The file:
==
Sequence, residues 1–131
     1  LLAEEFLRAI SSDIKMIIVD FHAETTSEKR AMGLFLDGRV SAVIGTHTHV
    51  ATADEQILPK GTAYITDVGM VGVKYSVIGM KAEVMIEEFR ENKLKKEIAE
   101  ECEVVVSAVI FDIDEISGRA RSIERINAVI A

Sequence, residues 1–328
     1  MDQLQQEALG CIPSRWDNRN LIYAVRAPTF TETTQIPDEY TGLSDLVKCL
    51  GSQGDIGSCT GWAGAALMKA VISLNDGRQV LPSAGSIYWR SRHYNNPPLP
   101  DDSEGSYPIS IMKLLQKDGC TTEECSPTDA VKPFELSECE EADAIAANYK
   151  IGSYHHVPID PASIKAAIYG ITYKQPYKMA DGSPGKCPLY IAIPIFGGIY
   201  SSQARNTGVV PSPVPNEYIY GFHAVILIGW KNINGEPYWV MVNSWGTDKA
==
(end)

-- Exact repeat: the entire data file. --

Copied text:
Sequence, residues 1–131
     1  LLAEEFLRAI SSDIKMIIVD FHAETTSEKR AMGLFLDGRV SAVIGTHTHV
    51  ATADEQILPK GTAYITDVGM VGVKYSVIGM KAEVMIEEFR ENKLKKEIAE
   101  ECEVVVSAVI FDIDEISGRA RSIERINAVI A

Sequence, residues 1–328
     1  MDQLQQEALG CIPSRWDNRN LIYAVRAPTF TETTQIPDEY TGLSDLVKCL
    51  GSQGDIGSCT GWAGAALMKA VISLNDGRQV LPSAGSIYWR SRHYNNPPLP
   101  DDSEGSYPIS IMKLLQKDGC TTEECSPTDA VKPFELSECE EADAIAANYK
   151  IGSYHHVPID PASIKAAIYG ITYKQPYKMA DGSPGKCPLY IAIPIFGGIY
   201  SSQARNTGVV PSPVPNEYIY GFHAVILIGW KNINGEPYWV MVNSWGTDKA